|Leadership (updated March 2018)||Contact Information|
|Terry Rambler, Chairman||Address: PO Box "o"|
|Tao Etpison, Vice Chairman||San Carlos, AZ 85550|
|Bernadette Goode, Seven Mile District Council Member||Phone: 928-475-2361|
|Mitchell Hoffman, Seven Mile District Council Member||Website: http://itcaonline.com/?page_id=1177|
|Fred Ferreira, Peridot District Council Member|
|Wendsler Nosie Sr., Peridot District Council Member|
|Tao Etpison, Gilson Wash District Council Member|
|Simon Hooke, Gilson Wash District Council Member|
|Hugh Moses Jr., Bylas District Council Member|
|Jonathan Kitcheyan, Bylas District Council Member|
|Alicia Cadmus, Bylas District Council Member|
|GOVERNANCE: The San Carlos Apache Tribe is governed by a Chairman, Vice Chairman, and nine council members representing four districts. Council members serve staggered four-year terms, and meet on the first Tuesday of each month. The San Carlos Apache Tribe is in Congressional District 1; Legislative District 7.|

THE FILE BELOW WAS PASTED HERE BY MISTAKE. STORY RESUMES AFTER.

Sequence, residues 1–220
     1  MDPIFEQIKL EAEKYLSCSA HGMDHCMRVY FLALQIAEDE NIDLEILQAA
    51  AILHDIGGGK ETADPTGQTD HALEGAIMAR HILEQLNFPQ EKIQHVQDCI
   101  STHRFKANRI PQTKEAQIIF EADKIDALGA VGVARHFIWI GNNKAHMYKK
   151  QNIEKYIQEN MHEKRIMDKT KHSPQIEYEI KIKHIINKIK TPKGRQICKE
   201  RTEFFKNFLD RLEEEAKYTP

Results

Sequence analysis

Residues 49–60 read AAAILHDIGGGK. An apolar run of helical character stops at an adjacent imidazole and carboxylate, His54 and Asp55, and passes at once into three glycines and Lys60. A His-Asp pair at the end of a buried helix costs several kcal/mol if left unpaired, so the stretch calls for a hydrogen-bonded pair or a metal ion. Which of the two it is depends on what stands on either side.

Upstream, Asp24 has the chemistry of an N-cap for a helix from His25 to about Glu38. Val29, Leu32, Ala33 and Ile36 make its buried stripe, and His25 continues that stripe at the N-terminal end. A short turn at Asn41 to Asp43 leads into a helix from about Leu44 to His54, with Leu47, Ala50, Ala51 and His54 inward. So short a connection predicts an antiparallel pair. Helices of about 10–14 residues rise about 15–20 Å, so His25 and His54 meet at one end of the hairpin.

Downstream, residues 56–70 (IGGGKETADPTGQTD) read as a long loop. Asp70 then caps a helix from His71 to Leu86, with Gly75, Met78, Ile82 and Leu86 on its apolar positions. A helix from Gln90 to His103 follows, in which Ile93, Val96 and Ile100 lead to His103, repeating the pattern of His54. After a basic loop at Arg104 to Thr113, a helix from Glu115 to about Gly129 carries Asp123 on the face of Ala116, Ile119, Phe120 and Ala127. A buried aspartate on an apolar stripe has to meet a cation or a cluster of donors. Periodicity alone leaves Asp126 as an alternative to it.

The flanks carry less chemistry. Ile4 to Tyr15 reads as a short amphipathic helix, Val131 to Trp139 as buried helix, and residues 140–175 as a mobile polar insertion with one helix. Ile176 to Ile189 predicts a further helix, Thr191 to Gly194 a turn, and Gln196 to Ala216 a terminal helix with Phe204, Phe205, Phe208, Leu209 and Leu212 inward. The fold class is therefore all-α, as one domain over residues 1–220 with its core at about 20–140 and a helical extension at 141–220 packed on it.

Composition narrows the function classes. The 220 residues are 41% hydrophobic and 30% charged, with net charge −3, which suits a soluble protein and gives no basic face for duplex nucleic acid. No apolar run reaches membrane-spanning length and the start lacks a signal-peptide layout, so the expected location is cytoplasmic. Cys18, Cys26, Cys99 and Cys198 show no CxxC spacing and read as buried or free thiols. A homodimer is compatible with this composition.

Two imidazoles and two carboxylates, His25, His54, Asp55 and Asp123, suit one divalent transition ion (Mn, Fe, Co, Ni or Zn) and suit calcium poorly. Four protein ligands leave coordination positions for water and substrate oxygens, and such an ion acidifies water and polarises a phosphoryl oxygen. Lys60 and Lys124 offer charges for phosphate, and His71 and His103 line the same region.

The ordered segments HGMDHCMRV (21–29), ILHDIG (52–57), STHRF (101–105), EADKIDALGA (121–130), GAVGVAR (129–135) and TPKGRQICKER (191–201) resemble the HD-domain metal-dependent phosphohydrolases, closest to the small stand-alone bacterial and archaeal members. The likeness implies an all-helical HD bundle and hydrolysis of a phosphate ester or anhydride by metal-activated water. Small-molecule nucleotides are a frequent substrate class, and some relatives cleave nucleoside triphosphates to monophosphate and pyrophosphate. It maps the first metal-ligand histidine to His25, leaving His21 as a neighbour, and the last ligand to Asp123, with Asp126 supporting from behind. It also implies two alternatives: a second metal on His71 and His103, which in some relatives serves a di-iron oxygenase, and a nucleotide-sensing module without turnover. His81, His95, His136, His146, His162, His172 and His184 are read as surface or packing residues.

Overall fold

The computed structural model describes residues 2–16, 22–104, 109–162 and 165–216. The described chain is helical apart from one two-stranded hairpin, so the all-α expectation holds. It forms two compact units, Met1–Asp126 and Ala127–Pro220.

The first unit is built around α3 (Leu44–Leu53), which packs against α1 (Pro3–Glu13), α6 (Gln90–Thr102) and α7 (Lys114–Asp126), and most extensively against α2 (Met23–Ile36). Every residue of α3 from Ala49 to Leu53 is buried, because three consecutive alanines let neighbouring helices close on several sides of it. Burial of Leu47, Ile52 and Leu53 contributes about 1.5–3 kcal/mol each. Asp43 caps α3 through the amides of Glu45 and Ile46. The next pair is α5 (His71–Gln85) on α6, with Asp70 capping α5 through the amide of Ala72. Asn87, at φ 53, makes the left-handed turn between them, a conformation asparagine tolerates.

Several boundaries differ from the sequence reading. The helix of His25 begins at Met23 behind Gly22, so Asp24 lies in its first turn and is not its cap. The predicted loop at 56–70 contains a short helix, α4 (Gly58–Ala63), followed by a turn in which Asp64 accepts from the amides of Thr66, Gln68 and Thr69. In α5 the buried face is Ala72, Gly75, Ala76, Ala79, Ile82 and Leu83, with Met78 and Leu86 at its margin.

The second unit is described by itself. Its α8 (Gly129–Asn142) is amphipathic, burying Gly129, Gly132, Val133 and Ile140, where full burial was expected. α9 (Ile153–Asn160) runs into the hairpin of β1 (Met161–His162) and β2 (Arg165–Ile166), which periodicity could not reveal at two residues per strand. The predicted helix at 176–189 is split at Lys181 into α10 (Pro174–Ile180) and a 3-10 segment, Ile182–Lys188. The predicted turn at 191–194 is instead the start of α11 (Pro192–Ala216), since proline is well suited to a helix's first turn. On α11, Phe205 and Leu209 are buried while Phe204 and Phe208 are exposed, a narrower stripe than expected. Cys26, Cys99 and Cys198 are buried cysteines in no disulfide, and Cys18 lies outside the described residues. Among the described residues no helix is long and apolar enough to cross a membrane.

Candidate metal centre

CONSTITUTION AND RESEARCH GUIDELINES:
COMMUNITY PROFILE: The traditional lands of the Apache Ndeh (The People) extended from Texas through New Mexico and Arizona into Mexico and California. Over time, the many bands of Apache were forcibly relocated to reservations. The San Carlos Apache Reservation was established in 1871. According to the U.S. Census, approximately 6,927 individuals live on the San Carlos Apache Reservation--1.8 million acres spanning three counties in eastern Arizona.
San Carlos Apache are known for their peridot jewelry and Apache basketry. Peridot is the birthstone for August and San Carlos is home to the world's largest deposit of the crystal.
More than half (65 percent) of households speak a language other than English.* Roughly 32 percent of all members are under 18 years of age, and the median age for the tribe is 28.1, compared to 37.1 for the state of Arizona. The San Carlos Apache Tribe has a poverty rate of 48 percent, which is significantly higher than Arizona's 17.7 percent poverty rate.
The Tribe operates Apache Gold Casino, a golf course, a commercial sawmill, a 500-acre farm, and cattle ranching operations.